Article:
Effectively become the regulator of brothels and street prostitution, given that decriminalisation is the proposed model

Allocate resources to ensure compliance in an area which has traditionally been the responsibility of the police

Assume responsibility for brothels even though councils do not have the power to regulate any illegal activity within those brothels (beyond planning regulations and approvals)

Regulate public soliciting by prostitutes (street prostitution, which the bill allows for in an unfettered matter)

Regulate approval of brothels (with council decisions having to be made purely on planning matters, potentially disregarding concerns of local residents)

Fight legal battles at ratepayers' cost against brothel owners who do not respect conditions placed on any planning application.'

Accordingly on behalf of the C ity of Tea Tree Gully I strongly urge you to oppose this Statutes Amendment (Decriminalisation of Sex Work) Bill in its current form at '

Please be advised that the above resolution of Council was actioned with emailed correspondence being sent to all state MPs from our Chief Executive Officer, Mr John Moyle on 9 September 2015.

I will not read it, but there is also a letter from the LGA expressing concerns, which no doubt members have already had access to, in addition to the many hundreds of emails that members would have received (and I have also received), opposing the bill. There have been some in favour, to be fair, but I have received many, many more against. The other thing to note is that we have also had multiple amendments to this bill placed before the chamber just today. Just to be clear to members, so they do not think we are up to something tricky here: I had no prior knowledge of those amendments at all. It is not something I have had any involvement in and there has been no collusion, I can assure the house.

But there have been amendments and the normal course of events would be for us to have time to consider those amendments. That is my clause 1 contribution. I remain in my opposition to the bill for the reasons I outlined in my second reading speech and, in addition, to those I have just placed before the chamber.

The Hon. K.J. MAHER: Similarly to the Hon. Ian Hunter, I will be brief. I rise to place on the record that I will be supporting this bill and opposing amendments to this bill. I want to thank members in this chamber who have spent time with me explaining their views. I also want to place on the record particular thanks to a member in the other place, the member for Ashford (as it is still called until the election), Steph Key, who, over many, many years, has spent a lot of time with many of us in the Labor Party explaining her views and the need for reform in this area.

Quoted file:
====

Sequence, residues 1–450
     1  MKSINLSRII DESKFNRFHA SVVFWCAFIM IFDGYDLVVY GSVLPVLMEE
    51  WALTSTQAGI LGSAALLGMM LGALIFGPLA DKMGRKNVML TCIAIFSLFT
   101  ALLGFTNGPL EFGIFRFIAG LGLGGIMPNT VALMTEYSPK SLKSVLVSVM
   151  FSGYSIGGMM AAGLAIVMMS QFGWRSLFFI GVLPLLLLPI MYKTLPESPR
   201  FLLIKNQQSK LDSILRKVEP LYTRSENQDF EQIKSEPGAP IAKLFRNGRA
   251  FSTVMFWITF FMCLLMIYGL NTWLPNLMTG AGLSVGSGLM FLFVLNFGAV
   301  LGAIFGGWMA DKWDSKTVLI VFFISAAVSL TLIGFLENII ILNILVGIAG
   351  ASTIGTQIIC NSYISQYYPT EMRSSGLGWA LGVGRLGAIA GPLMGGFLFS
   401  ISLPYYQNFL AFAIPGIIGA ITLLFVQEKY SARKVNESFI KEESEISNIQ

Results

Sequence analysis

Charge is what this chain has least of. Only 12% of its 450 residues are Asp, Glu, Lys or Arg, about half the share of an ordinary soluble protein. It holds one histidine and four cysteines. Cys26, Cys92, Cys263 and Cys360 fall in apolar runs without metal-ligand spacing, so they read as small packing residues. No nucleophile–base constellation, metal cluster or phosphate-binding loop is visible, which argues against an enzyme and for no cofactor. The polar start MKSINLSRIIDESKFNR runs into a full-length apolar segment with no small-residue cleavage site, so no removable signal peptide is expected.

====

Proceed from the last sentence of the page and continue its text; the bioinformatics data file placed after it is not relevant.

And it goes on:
The Hon. J.A. DARLEY: I indicate I will be supporting the bill but opposing the amendments.

The Hon. G.E. GAGO: Again, to assist in expediting proceedings, I indicate at this point that I will be supporting the bill and opposing all amendments.

The Hon. T.T. NGO: I rise to respond to a few comments made prior to us going on the dinner break, that I only lodged the amendments today and that honourable members who spoke felt they could not support them due to them having been lodged very late today. As honourable members know, I spoke on this matter in this chamber two weeks ago on 21 June 2017. I indicated that I would be moving amendments to the current bill. In the speech I made it clear that I wanted to make public soliciting for prostitution illegal, that brothels cannot not be operating within 200 metres of a school, childcare centre or place of worship and that police should have the right of entry.

My amendments are pretty straightforward and pretty practical. I do not think honourable members need more time to think it through. I spoke on these matters many times. If honourable members believe it is not okay to allow streetwalkers to operate outside of people's homes, then support me; make it illegal. You do not need two or three weeks' more time to decide this matter. If you believe it is okay to open a brothel next to a childcare centre, mosque or temple, then vote against my amendments.